• Only asking because I want to get my facts right before I approach the bank! Yes, BT is coming out of the same account.
    • not if they want to make the OP the named claimant no!! let them take the other party to court themselves!! the op can be a witness then..   one bitten...read this thread..      
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      I was in Sainsbury’s today and did scan and shop.
      I arrived in after a busy day at work and immediately got distracted by the clothes.
       
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      I paid and was about to get into my car when the security guard stopped me and asked me to come back in.
       
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Gupsy

Redundancy - Unfair Dismissal

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I received an email from my immediate manager inviting me to a meeting at our head office, where HR would be present. When I queried the agenda for the meeting I was informed it was a 'catch-up and nothing to worry about'. At the meeting my immediate manager and HR told me that I was at risk of redundancy.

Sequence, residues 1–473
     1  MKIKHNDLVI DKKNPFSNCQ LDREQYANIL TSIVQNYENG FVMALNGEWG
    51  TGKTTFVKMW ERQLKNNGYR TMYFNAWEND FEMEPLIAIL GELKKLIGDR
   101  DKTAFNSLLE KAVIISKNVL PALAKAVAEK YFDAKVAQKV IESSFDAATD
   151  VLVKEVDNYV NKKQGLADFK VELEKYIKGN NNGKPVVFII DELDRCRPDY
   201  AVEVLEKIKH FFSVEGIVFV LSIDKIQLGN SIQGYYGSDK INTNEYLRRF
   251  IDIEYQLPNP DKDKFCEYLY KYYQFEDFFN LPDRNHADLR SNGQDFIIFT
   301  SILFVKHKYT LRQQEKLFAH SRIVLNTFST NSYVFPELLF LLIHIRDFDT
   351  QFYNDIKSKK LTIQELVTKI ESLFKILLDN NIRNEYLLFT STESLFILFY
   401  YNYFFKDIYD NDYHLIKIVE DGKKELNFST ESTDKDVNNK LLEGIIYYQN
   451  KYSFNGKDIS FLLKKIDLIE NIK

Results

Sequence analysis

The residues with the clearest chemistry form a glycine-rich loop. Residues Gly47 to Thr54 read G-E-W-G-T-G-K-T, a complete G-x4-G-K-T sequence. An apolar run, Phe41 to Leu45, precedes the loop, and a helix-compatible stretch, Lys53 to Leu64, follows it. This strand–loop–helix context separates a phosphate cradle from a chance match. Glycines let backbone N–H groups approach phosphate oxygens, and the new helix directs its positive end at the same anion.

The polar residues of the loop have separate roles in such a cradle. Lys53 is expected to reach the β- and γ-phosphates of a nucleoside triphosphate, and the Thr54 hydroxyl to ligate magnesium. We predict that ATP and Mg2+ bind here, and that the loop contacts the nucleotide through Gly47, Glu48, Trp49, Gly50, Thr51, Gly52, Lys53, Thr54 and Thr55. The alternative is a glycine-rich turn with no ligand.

This was the first I had heard about any redundancies happening within the organisation. Having read up on redundancy, the 3 step process was not followed, in that I did not receive a written letter beforehand from the employer setting out that there was a potential reudndancy situation. They gave me a letter at the meeting.

 

Furthermore, I was given only 7 hours notice before having to attend the meeting, and I was not given the right to be accompanied to this meeting.

 

I had submitted a reqest to work flexibly 3 weeks before the meeting and I believe this was one of the reasons for their decision. they had previously rejected my request, and all the reasons set out in the original rejection no longer applied.